While this may be true of some teenage boys and some men, it’s not true for the majority and it seems hugely unfair for both sexes. What if inciting such beliefs led to the self-fulfilling prophecy? For those who aren’t familiar with that term, the self-fulfilling prophecy is when you tell someone they are “X” so much, they actually end up becoming it because of you. For example, if you are taught in school you’re going to fail no matter what, it can actually lead to you failing. Boys are supposed to be obsessed with sex, that’s what we teach them, so is it any wonder some turn sour? We are also taught that only boys are obsessed with sex during their teen years, not true – or else how would so many teenage pregnancies occur? We cannot possibly believe that every single girl was forced into it. No, due to those fluctuating hormones I mentioned before, girls can be just as sex obsessed (or rather, curious) as boys – they’re just not as vocal about it because they’re not allowed to be for fear of being seen as sluts.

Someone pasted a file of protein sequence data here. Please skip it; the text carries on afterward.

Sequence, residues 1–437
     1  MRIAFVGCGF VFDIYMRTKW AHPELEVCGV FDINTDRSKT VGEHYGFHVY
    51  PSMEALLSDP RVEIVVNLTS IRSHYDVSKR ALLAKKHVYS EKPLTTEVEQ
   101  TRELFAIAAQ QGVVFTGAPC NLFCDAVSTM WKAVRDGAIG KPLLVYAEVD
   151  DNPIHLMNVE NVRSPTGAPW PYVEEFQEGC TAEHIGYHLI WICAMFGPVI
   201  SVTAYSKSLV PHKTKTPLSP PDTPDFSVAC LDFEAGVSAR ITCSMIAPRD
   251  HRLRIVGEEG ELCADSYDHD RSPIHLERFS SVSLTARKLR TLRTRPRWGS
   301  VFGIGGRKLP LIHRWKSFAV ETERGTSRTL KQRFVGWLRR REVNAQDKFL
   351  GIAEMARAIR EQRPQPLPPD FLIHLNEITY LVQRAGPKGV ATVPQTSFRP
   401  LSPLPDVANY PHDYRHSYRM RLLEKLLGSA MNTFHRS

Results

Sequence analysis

I realise I’ve gone off on a tangent but my point is I feel as if we’re brought up to see boys and men in a negative light. Men don’t help themselves either, I’ve lost count of the amount of men who’ve judged another man’s actions on the basis of “that’s what men are like”, as if one gender follows the exact same emotional path set out before them. What I have found is that in fact, one man is very different from the next (funny that!) and that any man who says he can tell you what another man’s motivations are is a liar. But because of what men say about men, I don’t know what to believe sometimes, my boyfriend tells me things that lots of men (and women) would say is a down right lie. Now I don’t know if these things are lies or not, and unless I invent a machine that allows me to read others minds, I will never truly know. The fact that I doubt someone, just souly due to what others day is “true of all men” is sad though and I don’t think we should be brought up like this.